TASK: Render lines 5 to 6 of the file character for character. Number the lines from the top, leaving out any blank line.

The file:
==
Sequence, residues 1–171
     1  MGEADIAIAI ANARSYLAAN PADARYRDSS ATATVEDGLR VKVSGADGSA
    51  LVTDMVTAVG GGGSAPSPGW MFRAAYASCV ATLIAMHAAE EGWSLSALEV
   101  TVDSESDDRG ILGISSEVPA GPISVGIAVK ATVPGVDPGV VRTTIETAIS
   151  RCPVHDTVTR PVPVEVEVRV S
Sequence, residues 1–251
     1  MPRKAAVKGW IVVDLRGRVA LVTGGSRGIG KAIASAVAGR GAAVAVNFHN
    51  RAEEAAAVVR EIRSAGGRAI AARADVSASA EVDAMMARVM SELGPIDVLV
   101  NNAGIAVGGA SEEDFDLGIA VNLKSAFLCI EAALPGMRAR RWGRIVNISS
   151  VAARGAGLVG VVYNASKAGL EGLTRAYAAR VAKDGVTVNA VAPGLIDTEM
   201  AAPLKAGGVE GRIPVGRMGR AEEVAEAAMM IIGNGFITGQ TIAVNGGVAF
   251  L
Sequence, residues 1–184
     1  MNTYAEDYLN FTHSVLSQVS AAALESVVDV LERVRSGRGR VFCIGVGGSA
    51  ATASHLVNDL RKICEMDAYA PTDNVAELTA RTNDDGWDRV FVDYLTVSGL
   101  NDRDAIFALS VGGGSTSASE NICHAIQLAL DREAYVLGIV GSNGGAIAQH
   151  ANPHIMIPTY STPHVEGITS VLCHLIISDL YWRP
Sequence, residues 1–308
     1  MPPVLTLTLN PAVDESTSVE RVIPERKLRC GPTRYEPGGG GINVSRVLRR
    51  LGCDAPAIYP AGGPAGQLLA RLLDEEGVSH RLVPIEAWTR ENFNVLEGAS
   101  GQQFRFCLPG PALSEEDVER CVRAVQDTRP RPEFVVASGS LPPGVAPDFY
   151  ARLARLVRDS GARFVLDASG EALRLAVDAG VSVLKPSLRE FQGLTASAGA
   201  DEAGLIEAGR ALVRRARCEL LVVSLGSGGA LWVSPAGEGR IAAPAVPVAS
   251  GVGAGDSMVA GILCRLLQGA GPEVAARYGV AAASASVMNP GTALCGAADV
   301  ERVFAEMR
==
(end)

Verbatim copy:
   151  RCPVHDTVTR PVPVEVEVRV S
Sequence, residues 1–251